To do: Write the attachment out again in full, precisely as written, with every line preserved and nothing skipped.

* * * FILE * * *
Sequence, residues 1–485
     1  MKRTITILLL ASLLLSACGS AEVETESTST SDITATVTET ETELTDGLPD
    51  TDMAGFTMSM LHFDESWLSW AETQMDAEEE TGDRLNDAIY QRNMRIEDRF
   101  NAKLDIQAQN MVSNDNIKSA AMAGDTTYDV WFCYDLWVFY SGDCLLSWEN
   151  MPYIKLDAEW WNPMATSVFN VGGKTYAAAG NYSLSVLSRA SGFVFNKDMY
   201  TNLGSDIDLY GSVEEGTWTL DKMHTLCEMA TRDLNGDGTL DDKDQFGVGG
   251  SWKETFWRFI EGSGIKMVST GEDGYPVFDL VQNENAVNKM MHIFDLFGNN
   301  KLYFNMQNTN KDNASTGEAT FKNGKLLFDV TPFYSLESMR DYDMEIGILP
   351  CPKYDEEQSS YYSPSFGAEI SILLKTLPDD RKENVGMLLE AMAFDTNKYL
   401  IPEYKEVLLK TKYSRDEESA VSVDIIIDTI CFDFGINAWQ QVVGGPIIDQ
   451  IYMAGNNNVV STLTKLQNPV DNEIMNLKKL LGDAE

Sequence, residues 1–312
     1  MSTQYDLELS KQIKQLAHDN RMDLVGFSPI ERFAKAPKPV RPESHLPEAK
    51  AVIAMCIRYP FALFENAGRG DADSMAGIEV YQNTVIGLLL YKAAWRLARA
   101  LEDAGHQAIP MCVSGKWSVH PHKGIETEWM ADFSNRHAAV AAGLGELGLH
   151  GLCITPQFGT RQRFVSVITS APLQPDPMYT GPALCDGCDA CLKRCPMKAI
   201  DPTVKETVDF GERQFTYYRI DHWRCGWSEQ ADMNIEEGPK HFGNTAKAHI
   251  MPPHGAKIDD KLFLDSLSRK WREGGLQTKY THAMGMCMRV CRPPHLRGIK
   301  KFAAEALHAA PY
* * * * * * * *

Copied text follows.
Sequence, residues 1–485
     1  MKRTITILLL ASLLLSACGS AEVETESTST SDITATVTET ETELTDGLPD
    51  TDMAGFTMSM LHFDESWLSW AETQMDAEEE TGDRLNDAIY QRNMRIEDRF
   101  NAKLDIQAQN MVSNDNIKSA AMAGDTTYDV WFCYDLWVFY SGDCLLSWEN
   151  MPYIKLDAEW WNPMATSVFN VGGKTYAAAG NYSLSVLSRA SGFVFNKDMY
   201  TNLGSDIDLY GSVEEGTWTL DKMHTLCEMA TRDLNGDGTL DDKDQFGVGG
   251  SWKETFWRFI EGSGIKMVST GEDGYPVFDL VQNENAVNKM MHIFDLFGNN
   301  KLYFNMQNTN KDNASTGEAT FKNGKLLFDV TPFYSLESMR DYDMEIGILP
   351  CPKYDEEQSS YYSPSFGAEI SILLKTLPDD RKENVGMLLE AMAFDTNKYL
   401  IPEYKEVLLK TKYSRDEESA VSVDIIIDTI CFDFGINAWQ QVVGGPIIDQ
   451  IYMAGNNNVV STLTKLQNPV DNEIMNLKKL LGDAE

Sequence, residues 1–312
     1  MSTQYDLELS KQIKQLAHDN RMDLVGFSPI ERFAKAPKPV RPESHLPEAK
    51  AVIAMCIRYP FALFENAGRG DADSMAGIEV YQNTVIGLLL YKAAWRLARA
   101  LEDAGHQAIP MCVSGKWSVH PHKGIETEWM ADFSNRHAAV AAGLGELGLH
   151  GLCITPQFGT RQRFVSVITS APLQPDPMYT GPALCDGCDA CLKRCPMKAI
   201  DPTVKETVDF GERQFTYYRI DHWRCGWSEQ ADMNIEEGPK HFGNTAKAHI
   251  MPPHGAKIDD KLFLDSLSRK WREGGLQTKY THAMGMCMRV CRPPHLRGIK
   301  KFAAEALHAA PY